PC & Tech Authority July 2018

PC & Tech Authority is Australia's premier computer magazine and the ultimate monthly technology buyer’s guide. Every issue is packed with the latest products, reviewed by an expert team of technical writers and guarantees more Aussie exclusives and first looks than any other Australian PC magazine. Delivering expert reviews, group tests and in-depth features we cut through the hype so you know that you’re getting the best tech for your money.

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in this issue

3 min
green is good again

Last month I wrote about Nvidia’s Geforce Partner Program (‘GPP’), under the fetching title ‘The Green Stink’. For those who may have missed it, or the storm that engulfed much of the PC tech internet in its wake, the GPP was a contract Nvidia asked its card partners to sign giving away the right to sell non-Nvidia product under premium video card brands. It took no sleuthing to realise it was aimed directly at AMD, and everything we knew publically gave little or anything back to the partners in return for signing on. The spotlight was solely on Nvidia’s threat to withhold GPUs and technical support for card and driver engineering for noncompliance. Well, between then and now Nvidia has backtracked completely and pulled the plug on the GPP. As it…

4 min

TRUSTING A VPN I read your feature on choosing a VPN with interest (see issue 246, page 30), but it’s left me with questions. First, how do you know that the VPN you’ve chosen is trustworthy? Couldn’t it be capturing and selling your data without your knowledge? And second, doesn’t using a VPN just alert the authorities to the fact you might be up to no good? OSCAR NIK RAWLINSON REPLIES: There are many legitimate uses for a VPN. Crucially, that passes over the air is encrypted, and kept safe “authority” could argue against this. VPNs are outlawed in some countries, but usually as part of state censorship. That said, we wouldn’t recommend using a VPN to cover up misdeeds. If you are doing anything illegal, this could be clocked and reported by your provider,…

2 min
intel gets graphic on security

Intel has devised a new framework that will result in security software running on the graphics chip instead of the potentially overburdened CPU. Intel has laid out two security features under the banner of Intel Threat Detection Technology, in an attempt to shore up its reputation following the recent Meltdown and Spectre breaches. Firstly, it said an “Advanced Memory Scanning” feature will shift the grunt work of antivirus scanning from the CPU to the GPU, reducing the system impact of security scans. This will also allow security software to do a more comprehensive job. According to Intel, some malware evades file-based antivirus software by never writing anything to disk, which makes it hard to spot and means that security software must monitor system memory. Scanning system memory, however, can have a huge hit…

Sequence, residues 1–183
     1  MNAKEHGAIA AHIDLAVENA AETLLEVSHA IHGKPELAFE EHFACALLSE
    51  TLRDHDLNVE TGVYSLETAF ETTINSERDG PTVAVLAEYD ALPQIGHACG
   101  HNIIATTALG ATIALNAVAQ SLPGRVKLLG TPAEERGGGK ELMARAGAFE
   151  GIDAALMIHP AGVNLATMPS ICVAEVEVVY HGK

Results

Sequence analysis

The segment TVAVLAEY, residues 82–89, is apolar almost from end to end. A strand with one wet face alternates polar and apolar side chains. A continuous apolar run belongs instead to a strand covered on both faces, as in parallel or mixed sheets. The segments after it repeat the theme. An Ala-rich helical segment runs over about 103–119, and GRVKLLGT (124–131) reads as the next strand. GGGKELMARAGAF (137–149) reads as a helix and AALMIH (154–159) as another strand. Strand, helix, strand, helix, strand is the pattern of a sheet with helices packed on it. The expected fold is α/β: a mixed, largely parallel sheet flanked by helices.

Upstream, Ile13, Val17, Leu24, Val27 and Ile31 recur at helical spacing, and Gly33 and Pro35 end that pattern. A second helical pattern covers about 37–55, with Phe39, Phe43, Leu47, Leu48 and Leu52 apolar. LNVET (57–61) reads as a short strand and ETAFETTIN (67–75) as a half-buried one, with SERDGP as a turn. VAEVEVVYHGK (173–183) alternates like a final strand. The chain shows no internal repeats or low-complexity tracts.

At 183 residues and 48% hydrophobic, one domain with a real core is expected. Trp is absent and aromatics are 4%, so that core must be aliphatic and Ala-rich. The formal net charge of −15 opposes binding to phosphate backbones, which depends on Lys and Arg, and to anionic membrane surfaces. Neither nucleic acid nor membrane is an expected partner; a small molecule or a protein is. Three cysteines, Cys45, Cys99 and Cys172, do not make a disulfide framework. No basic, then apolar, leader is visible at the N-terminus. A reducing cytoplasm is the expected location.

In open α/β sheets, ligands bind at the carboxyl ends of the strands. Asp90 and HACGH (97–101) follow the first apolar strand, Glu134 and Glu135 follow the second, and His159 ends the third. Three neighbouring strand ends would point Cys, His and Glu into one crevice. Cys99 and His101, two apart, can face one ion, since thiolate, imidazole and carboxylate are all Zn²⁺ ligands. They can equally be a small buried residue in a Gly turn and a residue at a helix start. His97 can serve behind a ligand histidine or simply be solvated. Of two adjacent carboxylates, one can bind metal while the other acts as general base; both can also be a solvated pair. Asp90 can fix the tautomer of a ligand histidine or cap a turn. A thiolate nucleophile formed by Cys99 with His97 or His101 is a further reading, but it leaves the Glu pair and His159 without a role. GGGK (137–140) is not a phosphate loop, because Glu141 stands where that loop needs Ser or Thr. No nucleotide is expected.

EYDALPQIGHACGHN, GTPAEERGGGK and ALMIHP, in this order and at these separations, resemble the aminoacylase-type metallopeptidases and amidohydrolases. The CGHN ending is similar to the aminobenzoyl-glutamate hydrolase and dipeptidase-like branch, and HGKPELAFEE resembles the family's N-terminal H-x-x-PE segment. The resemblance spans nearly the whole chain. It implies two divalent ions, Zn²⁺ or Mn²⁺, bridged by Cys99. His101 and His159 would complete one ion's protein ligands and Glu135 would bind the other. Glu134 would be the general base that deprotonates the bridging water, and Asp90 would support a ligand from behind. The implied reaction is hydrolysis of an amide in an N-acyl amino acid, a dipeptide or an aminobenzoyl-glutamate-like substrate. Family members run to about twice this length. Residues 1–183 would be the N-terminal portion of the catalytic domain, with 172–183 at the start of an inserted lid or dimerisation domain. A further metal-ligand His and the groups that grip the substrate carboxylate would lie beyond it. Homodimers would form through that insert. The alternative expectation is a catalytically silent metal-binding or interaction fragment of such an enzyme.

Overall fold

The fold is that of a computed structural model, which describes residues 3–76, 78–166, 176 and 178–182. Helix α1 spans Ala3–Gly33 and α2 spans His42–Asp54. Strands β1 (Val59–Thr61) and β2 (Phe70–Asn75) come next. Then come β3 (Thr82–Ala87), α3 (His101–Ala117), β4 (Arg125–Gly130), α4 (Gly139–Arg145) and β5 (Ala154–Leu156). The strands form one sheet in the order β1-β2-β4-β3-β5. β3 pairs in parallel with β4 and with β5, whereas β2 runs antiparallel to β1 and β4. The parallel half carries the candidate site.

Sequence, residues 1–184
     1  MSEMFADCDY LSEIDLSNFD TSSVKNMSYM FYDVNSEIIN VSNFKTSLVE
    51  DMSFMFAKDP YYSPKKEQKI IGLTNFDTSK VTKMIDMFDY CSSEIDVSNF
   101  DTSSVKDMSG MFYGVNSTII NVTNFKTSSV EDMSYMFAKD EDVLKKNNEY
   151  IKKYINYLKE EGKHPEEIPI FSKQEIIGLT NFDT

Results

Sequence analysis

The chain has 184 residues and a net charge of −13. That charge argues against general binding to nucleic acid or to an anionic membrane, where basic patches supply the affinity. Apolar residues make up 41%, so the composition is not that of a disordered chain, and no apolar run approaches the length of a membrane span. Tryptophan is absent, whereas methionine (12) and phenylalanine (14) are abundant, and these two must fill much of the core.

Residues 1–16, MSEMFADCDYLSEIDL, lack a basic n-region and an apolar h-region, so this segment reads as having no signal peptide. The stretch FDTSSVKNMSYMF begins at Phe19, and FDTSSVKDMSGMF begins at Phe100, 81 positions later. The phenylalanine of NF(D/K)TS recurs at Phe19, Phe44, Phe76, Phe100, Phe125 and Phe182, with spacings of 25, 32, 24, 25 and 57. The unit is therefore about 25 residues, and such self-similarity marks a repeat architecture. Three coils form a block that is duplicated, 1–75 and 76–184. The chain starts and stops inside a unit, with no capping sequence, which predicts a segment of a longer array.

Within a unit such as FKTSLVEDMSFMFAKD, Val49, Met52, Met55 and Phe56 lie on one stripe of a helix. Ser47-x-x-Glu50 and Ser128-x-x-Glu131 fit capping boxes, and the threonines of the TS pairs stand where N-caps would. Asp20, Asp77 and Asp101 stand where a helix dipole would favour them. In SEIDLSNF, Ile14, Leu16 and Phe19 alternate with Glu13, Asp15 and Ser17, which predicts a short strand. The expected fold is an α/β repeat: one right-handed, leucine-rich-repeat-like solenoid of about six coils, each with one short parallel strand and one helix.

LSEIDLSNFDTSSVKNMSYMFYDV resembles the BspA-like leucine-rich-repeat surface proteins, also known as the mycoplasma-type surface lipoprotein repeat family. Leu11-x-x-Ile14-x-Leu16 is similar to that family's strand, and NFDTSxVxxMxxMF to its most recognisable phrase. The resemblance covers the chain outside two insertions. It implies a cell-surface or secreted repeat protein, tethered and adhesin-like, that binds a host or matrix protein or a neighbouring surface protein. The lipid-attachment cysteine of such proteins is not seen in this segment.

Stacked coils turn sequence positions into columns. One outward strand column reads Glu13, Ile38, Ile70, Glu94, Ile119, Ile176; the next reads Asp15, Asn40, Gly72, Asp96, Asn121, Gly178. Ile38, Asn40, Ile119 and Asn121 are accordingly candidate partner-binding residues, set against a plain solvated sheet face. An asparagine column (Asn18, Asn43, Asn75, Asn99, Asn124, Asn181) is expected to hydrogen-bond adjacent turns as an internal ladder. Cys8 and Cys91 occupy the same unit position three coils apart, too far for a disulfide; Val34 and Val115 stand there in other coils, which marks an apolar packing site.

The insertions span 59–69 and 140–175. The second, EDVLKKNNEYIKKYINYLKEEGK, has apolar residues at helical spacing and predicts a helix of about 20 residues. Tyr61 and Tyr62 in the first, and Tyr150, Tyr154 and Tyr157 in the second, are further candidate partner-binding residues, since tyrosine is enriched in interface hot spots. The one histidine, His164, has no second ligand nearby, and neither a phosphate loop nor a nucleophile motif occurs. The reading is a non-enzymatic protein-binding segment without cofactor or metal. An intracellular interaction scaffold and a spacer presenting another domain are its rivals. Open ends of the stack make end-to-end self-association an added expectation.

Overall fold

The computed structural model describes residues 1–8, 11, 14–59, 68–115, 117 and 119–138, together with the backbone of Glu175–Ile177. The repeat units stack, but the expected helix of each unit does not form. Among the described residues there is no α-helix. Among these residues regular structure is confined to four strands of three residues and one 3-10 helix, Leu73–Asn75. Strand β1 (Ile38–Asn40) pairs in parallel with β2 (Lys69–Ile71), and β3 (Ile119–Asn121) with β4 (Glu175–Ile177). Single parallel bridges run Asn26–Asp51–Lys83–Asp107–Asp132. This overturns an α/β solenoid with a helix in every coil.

1 min
gmail set for overdue overhaul

Gmail is getting a much-needed facelift. Google sent a message to G Suite administrators highlighting the changes, which includes a host of new features as well as a design refresh. According to the leak, the desktop version of Gmail will incorporate features from the mobile version, such as the artificial intelligence-generated auto responses, but there are also completely new features in the offing. Leaked screengrabs show tools such as a snooze function that will temporarily remove incoming messages when users are too busy to respond immediately. There will be options to make the message reappear an hour, day or week later, rather than being buried below newer messages. Google is expected to make space for Calendar and to-do lists within the interface. With privacy concerns becoming more prevalent, Google is also expected to…

1 min
microsoft launches new adaptive controller for xbox and pc

This is pretty impressive-Microsoft has just announced a neat new controller designed to help gamers with limited mobility to play games with greater ease. The Xbox Adaptive Controller has been designed to work with many of the adaptive switches that many mobility impaired people may already own in an easy-to-use, plug-and-play manner. The controller was designed in partnership with a number of organisations, including The AbleGamers Charity, The Cerebral Palsy Foundation, and Warfighter Engaged. As well as working with adaptive switches, the controller also features two large buttons already built-in, which can be customised to act as any input from a standard controller. Microsoft’s Chief Accessibility Officer, Jenny Lay-Flurrie, said in a blog post: “Today we celebrate the seventh annual Global Accessibility Awareness Day and announce new technology and resources for people with…

1 min
proper multiplayer is hitting no man’s sky at last

No Man’s Sky promised… well, the sky, but what it actually delivered was somewhat less. The game offered no multiplayer, which was always implied to be a big part of the game. But, since launch, No Man’s Sky has crept a lot closer to that initial realisation, and next big update, coming on July 24 for all platforms, will finally add that long-awaited multiplayer content. The update will add random player encounters to the game, and let players join up to explore space, planets, mine, dogfight… the whole shebang. Or, you can be a jerk and turn pirate.…